Last week in the Senate: The Senate fulfilling its role of the chamber of sober second thought, seeking answers in the SNC-Lavalin affair and amending the Indian Act.
The Senate convened in its new chamber for the first time last week, launching debates on two key pieces of government legislation in the former departure hall of Ottawa’s historic train station.
Bill C-75 is a comprehensive piece of legislation to reform Canada’s criminal justice system and reduce delays in criminal proceedings. The legislation includes modernizing the bail system, strengthening responses to intimate partner violence and changing the jury selection process to foster more representative juries.
Bill C-81 aims to make Canada more accessible for people with disabilities. The goal is to remove and prevent barriers, including in buildings and public spaces, job opportunities and employment policies and transportation and communication.
Debate in the chamber builds on work the Senate started earlier this month at the committee level. In-depth studies of several government bills are underway, including legislation to change the rules for the assessment of major resource projects, legislation to make it easier to designate a marine-protected area and legislation to regulate firearms in Canada.
The committee stage gives senators the opportunity to hear from a range of witnesses and, in some cases, to propose amendments to help improve legislation.
So far this session, the government has accepted Senate changes to a quarter of bills. Sober second thought in an increasingly independent Senate is clearly working in the best interest of Canadians.
The developments in the accusations that the prime minister and his office applied pressure on the former justice minister and attorney general Jody Wilson-Raybould to intervene in a criminal investigation involving SNC-Lavalin are troubling.
Canadians need and want answers on the growing number of questions raised in this scandal.
As an independent legislative chamber, the Senate plays a crucial oversight role in monitoring how the prime minister and his office exercise their powers. As parliamentarians, senators have an obligation to protect and defend the integrity of our democratic and legal institutions.
It is for that reason that I gave notice of motion that the Senate Committee on Legal and Constitutional Affairs be authorized to examine and report on the serious and disturbing allegations that persons in the Office of the Prime Minister attempted to exert pressure on the former minister of justice and attorney general of Canada, the Hon. Jody Wilson-Raybould, and to interfere with her independence, thereby potentially undermining the integrity of the administration of justice.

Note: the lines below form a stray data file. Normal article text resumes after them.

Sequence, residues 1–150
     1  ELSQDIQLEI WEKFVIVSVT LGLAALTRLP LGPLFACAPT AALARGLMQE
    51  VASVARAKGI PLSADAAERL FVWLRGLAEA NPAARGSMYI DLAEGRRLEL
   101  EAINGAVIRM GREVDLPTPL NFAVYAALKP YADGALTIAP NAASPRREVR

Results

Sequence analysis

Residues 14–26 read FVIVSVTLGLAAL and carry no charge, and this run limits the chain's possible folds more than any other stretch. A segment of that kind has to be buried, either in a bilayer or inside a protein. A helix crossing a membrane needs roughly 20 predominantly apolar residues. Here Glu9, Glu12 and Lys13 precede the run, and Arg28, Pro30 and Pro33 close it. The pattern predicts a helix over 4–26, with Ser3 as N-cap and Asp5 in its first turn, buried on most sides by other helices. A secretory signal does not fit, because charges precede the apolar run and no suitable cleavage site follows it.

This scandal has far-reaching democratic and constitutional consequences. All caucuses and groups in the Senate must demonstrate true objectivity and consider all the facts in this case. It is my hope that we can work together in a collaborative manner to ensure that an in-depth and independent parliamentary examination can take place.
On January 11, 2019, the United Nations Human Rights Committee released its decision on a petition brought by Sharon McIvor and her son Jacob Grismer. The committee ruled the hierarchy that exists in the 6(1) provisions of the Indian Act is sex-based discrimination and contravenes Canada’s obligations under the International Covenant on Civil and Political Rights. The committee has given a deadline of 180 days for Canada to provide an effective remedy to the discrimination.
As those who followed the debate and study of Bill S-3 know, an effective remedy already exists in the legislation, but the relevant provisions have not yet been brought into force. The remedy contained in Bill S-3, which the Senate unanimously endorsed, not only removes the 1951 cut-off, but also remedies the hierarchy of Indian status in section 6(1).
On Tuesday, I gave notice of a motion that the Senate urge the federal government to bring into force the remaining provisions of Bill S-3, An Act to amend the Indian Act, in response to the Superior Court of Quebec decision in Descheneaux c. Canada, which would remedy the discrimination, no later than June 21, 2019.
We owe Sharon McIvor a great debt for her tireless work to right this wrong and bring it to a successful conclusion at the UN Human Rights Committee.